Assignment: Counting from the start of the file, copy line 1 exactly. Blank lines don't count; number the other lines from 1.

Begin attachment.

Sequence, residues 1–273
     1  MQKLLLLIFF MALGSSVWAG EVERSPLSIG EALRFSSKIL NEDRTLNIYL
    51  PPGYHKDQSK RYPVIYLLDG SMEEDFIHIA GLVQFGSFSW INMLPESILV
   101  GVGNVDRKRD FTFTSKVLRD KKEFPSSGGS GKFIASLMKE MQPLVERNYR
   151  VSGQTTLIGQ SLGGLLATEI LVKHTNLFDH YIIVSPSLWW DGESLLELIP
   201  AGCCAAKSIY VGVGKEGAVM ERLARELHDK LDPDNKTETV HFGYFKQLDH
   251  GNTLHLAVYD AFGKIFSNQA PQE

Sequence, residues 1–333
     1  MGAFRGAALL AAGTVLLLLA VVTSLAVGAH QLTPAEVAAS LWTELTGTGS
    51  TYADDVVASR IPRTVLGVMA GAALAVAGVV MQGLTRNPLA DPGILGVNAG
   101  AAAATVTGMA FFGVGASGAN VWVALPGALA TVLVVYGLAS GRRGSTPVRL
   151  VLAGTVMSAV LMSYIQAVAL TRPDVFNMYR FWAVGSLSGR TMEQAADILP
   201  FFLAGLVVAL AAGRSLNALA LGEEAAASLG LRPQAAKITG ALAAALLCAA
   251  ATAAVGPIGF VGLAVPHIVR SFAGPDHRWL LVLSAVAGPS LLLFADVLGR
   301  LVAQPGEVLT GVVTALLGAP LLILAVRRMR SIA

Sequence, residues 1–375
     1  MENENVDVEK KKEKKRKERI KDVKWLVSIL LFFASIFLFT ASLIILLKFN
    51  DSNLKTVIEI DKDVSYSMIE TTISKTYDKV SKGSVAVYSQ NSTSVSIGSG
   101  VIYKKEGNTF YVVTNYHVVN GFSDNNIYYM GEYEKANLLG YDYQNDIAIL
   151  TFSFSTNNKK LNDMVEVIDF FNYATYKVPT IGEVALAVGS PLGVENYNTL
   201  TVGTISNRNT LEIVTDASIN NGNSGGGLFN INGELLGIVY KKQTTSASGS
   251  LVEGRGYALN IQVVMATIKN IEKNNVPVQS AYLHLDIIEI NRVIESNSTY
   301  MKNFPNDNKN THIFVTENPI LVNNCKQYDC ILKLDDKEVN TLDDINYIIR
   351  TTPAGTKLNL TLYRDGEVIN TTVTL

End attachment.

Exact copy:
Sequence, residues 1–273